Once the tenancy agreement has been signed, the deposit has been paid, and the first month's rent has been paid, the tenancy is yours. Landlords, or their representatives, will usually not release keys until the money for the deposit has been cleared in their account; this can take a few days.

Moving in

Ensure there is an inventory (a list of all the items in the property and the property's condition) and keep a signed copy. A good inventory can help reduce any disagreement later on. 

Establish where the gas and electricity meters are note down what the readings are. Ask the estate agent which companies are supplying the utilities.

Home utilities

Home utilities detail

Further detail

Council tax

Generally the local council will send a letter 'to the occupier' explaining council tax requirements. New tenants can also contact the council directly and inform them of the new tenancy. Tenants are responsible for ensuring they are paying council tax.

Students or people living alone may not need to pay the full council tax, and rates vary between councils and between properties. It is worth being aware of the different costs when choosing an area to live in by checking here. Additionally this map details council tax variations across the boroughs.


Rubbish and recycling

All local councils in the UK offer rubbish and recycling collection services. The days and frequency of these collections, and what can be recycled, is specific to the property's location.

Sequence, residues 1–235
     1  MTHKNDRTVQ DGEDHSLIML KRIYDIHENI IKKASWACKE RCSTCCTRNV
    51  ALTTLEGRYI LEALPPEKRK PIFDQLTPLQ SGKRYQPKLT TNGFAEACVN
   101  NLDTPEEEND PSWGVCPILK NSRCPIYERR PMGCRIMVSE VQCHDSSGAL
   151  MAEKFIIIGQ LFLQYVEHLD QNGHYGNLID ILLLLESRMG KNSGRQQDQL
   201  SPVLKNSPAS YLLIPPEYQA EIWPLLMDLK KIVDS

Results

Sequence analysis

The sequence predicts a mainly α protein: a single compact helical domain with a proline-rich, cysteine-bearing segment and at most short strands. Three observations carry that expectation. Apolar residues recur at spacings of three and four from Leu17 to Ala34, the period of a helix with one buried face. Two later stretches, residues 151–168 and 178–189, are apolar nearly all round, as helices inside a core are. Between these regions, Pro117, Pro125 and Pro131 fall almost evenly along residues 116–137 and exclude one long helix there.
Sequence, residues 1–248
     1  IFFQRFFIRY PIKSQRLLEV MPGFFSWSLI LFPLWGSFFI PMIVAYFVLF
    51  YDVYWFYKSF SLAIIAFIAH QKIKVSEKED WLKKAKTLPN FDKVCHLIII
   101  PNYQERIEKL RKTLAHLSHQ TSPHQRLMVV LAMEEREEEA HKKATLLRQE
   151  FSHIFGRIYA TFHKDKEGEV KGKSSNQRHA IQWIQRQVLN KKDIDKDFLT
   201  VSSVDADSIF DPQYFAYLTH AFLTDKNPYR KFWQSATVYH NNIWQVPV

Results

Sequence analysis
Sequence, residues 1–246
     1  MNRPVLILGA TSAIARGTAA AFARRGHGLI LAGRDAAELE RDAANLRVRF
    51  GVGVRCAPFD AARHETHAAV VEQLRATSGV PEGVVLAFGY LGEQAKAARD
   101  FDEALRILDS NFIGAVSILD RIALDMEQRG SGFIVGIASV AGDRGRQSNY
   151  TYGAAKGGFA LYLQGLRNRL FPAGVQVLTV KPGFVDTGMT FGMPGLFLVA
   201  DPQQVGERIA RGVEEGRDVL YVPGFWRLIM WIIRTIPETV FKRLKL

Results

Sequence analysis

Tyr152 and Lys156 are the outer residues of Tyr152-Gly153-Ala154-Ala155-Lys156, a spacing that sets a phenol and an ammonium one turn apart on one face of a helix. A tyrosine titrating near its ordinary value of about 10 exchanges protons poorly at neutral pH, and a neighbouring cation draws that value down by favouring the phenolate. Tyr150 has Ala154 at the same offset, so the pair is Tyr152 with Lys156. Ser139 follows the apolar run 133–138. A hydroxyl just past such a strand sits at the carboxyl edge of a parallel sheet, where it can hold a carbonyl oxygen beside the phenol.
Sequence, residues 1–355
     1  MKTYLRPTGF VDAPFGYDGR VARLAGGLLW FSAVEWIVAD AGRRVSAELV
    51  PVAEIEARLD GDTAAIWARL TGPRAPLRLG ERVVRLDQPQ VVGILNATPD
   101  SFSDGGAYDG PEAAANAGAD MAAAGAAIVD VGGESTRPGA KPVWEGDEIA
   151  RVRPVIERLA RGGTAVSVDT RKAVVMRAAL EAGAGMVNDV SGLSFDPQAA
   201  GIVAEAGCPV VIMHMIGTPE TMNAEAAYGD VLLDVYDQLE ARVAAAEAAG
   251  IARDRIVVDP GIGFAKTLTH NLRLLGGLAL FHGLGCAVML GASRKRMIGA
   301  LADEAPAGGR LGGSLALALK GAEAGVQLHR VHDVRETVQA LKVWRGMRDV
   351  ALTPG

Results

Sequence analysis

Contents insurance

It is a good idea to have insurance, so that if personal belongings are stolen an insurance company will provide compensation. This covers the possessions kept in the home, and in some cases portable items as well. Always remember to carefully check what is included when choosing a policy.

There is also buildings insurance, which is for landlords or property owners and covers the structure of a property, for example, walls, windows, baths, toilets and roof.

Moving out

Either the tenant or the landlord can bring a tenancy to an end, but notice must be given to the other party. Tenants are legally obliged to fulfil the tenancy and pay the rent until the end of the agreement. A break clause defines whether the tenancy can be ended early and how much notice time is required.

Some landlords may release the tenant from the contract if a replacement can be found. A new tenancy agreement should be drawn up to change the responsibility for the property to the new tenant. Remember that despite complex legal requirements, if the landlord and tenant can come to an agreement that keeps them both happy the rules do not need to be followed strictly.